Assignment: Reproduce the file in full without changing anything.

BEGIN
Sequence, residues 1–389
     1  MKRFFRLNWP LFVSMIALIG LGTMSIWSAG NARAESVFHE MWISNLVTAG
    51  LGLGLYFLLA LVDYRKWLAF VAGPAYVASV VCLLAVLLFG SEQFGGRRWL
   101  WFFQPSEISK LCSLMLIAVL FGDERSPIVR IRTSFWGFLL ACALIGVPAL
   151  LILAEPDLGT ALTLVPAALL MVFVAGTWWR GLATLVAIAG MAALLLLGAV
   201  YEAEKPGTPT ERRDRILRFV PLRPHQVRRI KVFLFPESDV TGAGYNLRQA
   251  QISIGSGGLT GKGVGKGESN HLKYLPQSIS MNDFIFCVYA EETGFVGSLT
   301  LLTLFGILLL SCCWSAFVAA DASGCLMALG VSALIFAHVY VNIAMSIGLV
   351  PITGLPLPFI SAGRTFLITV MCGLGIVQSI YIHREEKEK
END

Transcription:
Sequence, residues 1–389
     1  MKRFFRLNWP LFVSMIALIG LGTMSIWSAG NARAESVFHE MWISNLVTAG
    51  LGLGLYFLLA LVDYRKWLAF VAGPAYVASV VCLLAVLLFG SEQFGGRRWL
   101  WFFQPSEISK LCSLMLIAVL FGDERSPIVR IRTSFWGFLL ACALIGVPAL
   151  LILAEPDLGT ALTLVPAALL MVFVAGTWWR GLATLVAIAG MAALLLLGAV
   201  YEAEKPGTPT ERRDRILRFV PLRPHQVRRI KVFLFPESDV TGAGYNLRQA
   251  QISIGSGGLT GKGVGKGESN HLKYLPQSIS MNDFIFCVYA EETGFVGSLT
   301  LLTLFGILLL SCCWSAFVAA DASGCLMALG VSALIFAHVY VNIAMSIGLV
   351  PITGLPLPFI SAGRTFLITV MCGLGIVQSI YIHREEKEK